After being diagnosed with a heart condition, or surviving a heart event, many people rely on prescription and over-the-counter medicines to manage their diseases. Most adopt healthier lifestyles, which include proper diet and exercise, but some undergo procedures for implantable devices, such as drug-eluting stents, ICDs or pacemakers. In many cases, healthcare providers recommend these medical procedures, because they have been proven to improve quality of life for many heart patients. These decisions are made as a result of rigorous clinical trials, and with the help of research participants. Individuals who participate in clinical trials help determine whether new biomedical or behavioral interventions are safe and effective for human use.
ClinicalTrials.gov, a government registry of federally and privately supported clinical trials conducted in the U.S. and around the world, currently reports that there are more than 110,000 clinical trials registered in more than 170 countries. In order to complete these trials, researchers have to examine a pre-determined number of research subjects —but for many researchers, finding research subjects that meet their criteria can be the most difficult part of the process. CenterWatch—an online source of clinical trials information for both clinical research professionals and patients—reports that 75 percent of the general public said they have little to no knowledge about clinical research and the participation process, thus making it even more difficult for researchers to make clinical trials possible.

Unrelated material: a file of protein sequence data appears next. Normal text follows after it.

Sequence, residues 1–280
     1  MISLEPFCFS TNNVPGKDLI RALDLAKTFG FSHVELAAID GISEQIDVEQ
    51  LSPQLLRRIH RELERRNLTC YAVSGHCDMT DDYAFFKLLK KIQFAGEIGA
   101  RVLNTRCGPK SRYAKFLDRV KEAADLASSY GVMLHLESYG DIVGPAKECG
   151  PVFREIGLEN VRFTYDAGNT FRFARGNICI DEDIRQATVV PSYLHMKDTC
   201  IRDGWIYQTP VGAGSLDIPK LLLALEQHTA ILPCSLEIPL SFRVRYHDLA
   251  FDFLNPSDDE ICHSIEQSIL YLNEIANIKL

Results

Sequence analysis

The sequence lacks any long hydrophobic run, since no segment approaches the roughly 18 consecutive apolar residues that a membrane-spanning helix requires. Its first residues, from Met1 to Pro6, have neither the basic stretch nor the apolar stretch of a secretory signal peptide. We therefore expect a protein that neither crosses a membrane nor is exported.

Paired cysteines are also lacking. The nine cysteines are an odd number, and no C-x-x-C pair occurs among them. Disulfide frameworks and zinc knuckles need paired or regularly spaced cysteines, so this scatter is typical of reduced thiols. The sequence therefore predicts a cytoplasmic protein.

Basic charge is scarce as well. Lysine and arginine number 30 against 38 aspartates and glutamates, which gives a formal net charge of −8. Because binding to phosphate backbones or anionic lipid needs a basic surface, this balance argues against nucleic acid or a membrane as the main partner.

As a registered nurse and Program Manager for Mercy Gilbert Medical Center’s Cardiovascular Research program, I cannot emphasize enough the importance of educating our communities about the clinical trial process. Research plays an essential role in the advancement, effectiveness and quality of medical treatment for everyone and research participants are the backbone of the scientific progress. They allow researchers to learn more about how well an experimental medication or procedure may or may not work.
I am delighted to be working with Mended Hearts to bring you more information about clinical trials. In future posts, I will take you through the research participation process—both the benefits and risks—as well as provide you with some great resources for learning more about participation.
Throughout this journey I welcome your comments and questions!